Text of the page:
The toppings: pepperoni, mushroom, onion, eggplant, fresh basil, and sliced pear. It was so good and so free. One night of pizza never hurt anyone. I may have also washed it down with a glass of wine. Red wine in moderation is linked to good heart health, so I was just taking care of my ticker. It was another great night in Austin.

Saturday, May 02, 2009


Our formerly tiny, limp, 'better support his neck, little baby is changing fast. In the first 6 months, a trip to a restaurant was not a big deal. The only struggle was lugging his clunky carseat through a maze of tables and chairs. Mikey would stay buckled in his seat quietly watching us eat. That has all changed.

We headed down to the Hill Country Galleria to for some window shopping, and our little guy joined us for dinner at Iron Cactus. Thank goodness the ambient decibel levels were high, because Mikey was acting like his last bottle featured four ounces of espresso.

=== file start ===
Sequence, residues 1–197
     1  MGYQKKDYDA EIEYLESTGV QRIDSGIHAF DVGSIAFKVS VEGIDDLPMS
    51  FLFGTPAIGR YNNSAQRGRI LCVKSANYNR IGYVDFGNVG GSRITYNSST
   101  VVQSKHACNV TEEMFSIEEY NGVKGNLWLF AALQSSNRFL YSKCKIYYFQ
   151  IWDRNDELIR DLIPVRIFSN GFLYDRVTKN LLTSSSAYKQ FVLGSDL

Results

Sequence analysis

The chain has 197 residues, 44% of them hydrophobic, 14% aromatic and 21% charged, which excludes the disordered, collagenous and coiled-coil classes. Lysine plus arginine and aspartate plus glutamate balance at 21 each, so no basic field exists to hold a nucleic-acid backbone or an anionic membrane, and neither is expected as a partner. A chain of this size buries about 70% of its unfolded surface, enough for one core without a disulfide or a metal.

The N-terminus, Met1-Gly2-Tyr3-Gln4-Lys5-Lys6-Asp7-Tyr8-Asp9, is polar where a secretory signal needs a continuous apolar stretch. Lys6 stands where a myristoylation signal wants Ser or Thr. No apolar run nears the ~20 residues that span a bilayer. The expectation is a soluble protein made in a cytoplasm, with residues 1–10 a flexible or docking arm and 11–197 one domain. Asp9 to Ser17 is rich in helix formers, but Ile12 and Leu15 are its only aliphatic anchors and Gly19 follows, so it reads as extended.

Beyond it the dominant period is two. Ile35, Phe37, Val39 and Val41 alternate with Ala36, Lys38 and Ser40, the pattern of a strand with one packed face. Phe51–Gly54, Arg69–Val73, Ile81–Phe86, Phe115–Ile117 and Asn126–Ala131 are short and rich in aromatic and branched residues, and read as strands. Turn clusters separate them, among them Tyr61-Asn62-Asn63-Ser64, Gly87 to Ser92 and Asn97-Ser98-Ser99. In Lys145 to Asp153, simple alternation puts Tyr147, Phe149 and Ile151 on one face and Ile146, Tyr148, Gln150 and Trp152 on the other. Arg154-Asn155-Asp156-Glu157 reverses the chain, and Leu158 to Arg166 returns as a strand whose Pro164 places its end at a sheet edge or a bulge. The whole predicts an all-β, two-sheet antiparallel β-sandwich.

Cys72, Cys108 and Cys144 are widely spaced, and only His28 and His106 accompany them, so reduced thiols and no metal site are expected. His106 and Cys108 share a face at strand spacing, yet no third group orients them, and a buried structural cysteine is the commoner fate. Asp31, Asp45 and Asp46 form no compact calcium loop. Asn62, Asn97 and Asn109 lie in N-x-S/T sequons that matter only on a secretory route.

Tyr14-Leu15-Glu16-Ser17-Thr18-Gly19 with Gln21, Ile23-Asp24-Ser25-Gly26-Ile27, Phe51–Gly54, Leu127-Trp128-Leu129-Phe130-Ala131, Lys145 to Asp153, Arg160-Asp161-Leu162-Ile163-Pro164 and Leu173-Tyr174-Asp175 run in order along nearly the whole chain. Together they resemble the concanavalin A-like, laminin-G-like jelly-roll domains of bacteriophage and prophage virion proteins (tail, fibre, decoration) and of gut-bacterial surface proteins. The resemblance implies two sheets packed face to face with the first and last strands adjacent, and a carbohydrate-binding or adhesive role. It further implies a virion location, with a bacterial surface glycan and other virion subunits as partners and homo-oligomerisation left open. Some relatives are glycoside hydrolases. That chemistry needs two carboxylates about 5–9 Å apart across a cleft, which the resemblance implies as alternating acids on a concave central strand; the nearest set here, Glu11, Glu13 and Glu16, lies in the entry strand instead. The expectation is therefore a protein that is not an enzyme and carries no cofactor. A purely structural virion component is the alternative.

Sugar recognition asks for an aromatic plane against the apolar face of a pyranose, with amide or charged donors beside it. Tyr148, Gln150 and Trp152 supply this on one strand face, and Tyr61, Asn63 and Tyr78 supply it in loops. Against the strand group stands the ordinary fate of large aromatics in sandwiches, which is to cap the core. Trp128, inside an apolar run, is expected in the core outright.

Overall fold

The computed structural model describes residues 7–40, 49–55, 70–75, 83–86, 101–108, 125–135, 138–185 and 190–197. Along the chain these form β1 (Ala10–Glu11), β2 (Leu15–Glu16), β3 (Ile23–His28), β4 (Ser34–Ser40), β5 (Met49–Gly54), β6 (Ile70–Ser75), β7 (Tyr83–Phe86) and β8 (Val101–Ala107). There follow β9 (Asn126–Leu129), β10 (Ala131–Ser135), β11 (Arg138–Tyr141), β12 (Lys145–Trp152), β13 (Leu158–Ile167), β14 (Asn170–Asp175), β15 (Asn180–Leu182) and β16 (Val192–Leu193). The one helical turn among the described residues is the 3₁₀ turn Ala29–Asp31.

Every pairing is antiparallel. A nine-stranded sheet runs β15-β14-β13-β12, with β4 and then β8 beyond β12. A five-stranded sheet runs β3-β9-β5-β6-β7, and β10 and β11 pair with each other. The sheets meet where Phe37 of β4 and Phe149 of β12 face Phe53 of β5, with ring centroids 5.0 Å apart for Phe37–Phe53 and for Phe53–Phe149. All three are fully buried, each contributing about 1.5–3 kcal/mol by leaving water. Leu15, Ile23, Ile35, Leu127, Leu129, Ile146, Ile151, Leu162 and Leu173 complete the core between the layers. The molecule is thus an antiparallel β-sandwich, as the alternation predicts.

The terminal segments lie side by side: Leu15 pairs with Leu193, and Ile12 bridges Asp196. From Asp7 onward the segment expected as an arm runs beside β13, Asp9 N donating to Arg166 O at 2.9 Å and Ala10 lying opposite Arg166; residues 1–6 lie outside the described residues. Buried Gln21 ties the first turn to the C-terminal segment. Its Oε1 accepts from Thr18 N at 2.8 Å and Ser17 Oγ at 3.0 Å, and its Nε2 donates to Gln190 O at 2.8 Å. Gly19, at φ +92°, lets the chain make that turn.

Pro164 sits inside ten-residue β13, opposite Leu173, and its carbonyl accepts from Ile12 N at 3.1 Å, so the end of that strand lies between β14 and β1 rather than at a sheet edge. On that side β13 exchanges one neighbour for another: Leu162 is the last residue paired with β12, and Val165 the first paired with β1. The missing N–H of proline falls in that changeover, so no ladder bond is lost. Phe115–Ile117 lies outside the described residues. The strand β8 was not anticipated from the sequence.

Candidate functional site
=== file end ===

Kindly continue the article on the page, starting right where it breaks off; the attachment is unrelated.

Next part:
It started with slapping the table and laughing. Then he began swinging his plastic links like they were nunchuks. My silverware slid a bit too close into the grab zone, and in an instant my butter knife was being violently wielded and shaken in a tiny slobbery fist. This was just the beginning.
Then came the squeals, the piercing, piercing squeals. Like the screaming eels in Princess Bride, this was a forboding for troubles to come. Luckily, these were happy squeals, but they still cut through the din of a bustling restaurant. I could see the heads turning from surrounding tables. What could we do but laugh, blush, and try to shoosh our now thoroughly excited little dude?